Attack on Fort Randolph

Frontier Advance on the Upper Ohio, 1778-1779
(Madison: The Wisconsin Historical Society, 1916)

Capt. Matthew Arbuckle to Gen. Edward Hand.
Greenbrier June 2nd 1778.


I was unfortunate anaugh after my return from Williamsburg to this place in a persuit after a party of Indians to receive a wound in by [my] Knee occasioned by a fall on some rocks, which disabled me from returning to my post as soon as I expected. I have since my recovery waited the arival of the draughts from Rockbridge county, as I had a considerable quantity of Lead &C. to carry down, & before this Instant have never been informed, them people totally refuses going on the command. I shall now set off in a few days & thought absolutely necessary to acquient you, in this way of the accts recd from Capt McKee ye 27th last month, on the 16th Sd Instant, Lieut Gilmore was wounded by the Indians a little distance from the garrison, but got in, a soldier going to the place where he was shot at soon after, was Kill'd, immediately they found themselves surrounded on all quarters, & a smart fire on the fort insued, - Capt McKee sent out the granadeer squaw to speake to her friends, with a speech from the governor; they made a pretence of makeing peace & scopatha with one more was sent out under cover of the guns, to meet three of them, one of which came into the fort, Capt [McKee] apprehended by him he was only trifleing with them in order to get an advantage, & the only thing they larned was from Ketty she says there was three hundred that they Intended up the Kenawa, & to Keers creek, that a number were to meet them there, on their return and the garrison they would have, after telling the people in the garrison they might as well surrender for they had Killed all their Cattle, (which is actualy so) out of one hundred, one only is left, which came daily to the fort. I must threfor beg the garrison may get proper supply in time, otherwise we shall be greatly distressed Capt McKee dispatched two soldiers to give notice of the aproach of the indians on this place, which passed them, at the meadows within 20 miles, the people were in the utmost confusion, every one flying to forst, & no men were imbodyed here, on ye 29th may they attacked Colo Donnallys fort gaured only with 25 men, who made a brave diffense from sunrise till 3 oclock in the evening when Colo Saml Lewis & myself with a party of 66 men, determined to relieve them march'd up, fired on the enemy who gave way on every side & let us pass in every man unhurt. seventeen of the Indians were Kill'd dead in the spot. the[y] continued their siege till night when they hall'd nine of their men away, the rem'd we sculped in the morning, they came well aquipped with pack horses and driveing cattle, but the campaign I believe is partly broake up, no mischief has been done since the Battle, three men were kill'd that day, by their imprudance & one shot through a port hole in the fort. as their first attack was voielent & had at first possession of the most of them, but was soon obld to retreat.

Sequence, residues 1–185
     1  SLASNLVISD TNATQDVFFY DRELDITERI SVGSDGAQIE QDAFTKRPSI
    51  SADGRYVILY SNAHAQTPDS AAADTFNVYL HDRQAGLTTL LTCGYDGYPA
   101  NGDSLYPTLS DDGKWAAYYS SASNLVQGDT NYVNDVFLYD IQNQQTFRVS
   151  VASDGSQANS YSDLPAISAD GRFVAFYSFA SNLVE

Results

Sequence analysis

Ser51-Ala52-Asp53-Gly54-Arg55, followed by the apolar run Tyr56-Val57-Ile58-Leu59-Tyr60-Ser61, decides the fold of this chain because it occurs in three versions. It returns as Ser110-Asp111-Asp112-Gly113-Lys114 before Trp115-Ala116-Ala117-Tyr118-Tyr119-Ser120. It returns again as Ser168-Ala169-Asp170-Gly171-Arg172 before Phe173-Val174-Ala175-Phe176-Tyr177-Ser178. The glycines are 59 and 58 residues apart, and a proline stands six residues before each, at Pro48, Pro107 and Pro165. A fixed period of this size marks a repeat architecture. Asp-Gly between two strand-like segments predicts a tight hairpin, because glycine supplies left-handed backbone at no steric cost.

I am your Exclny Obd Servt
Mathew Arbuckle

Exploration, Settlement and Conflict (1600-1799)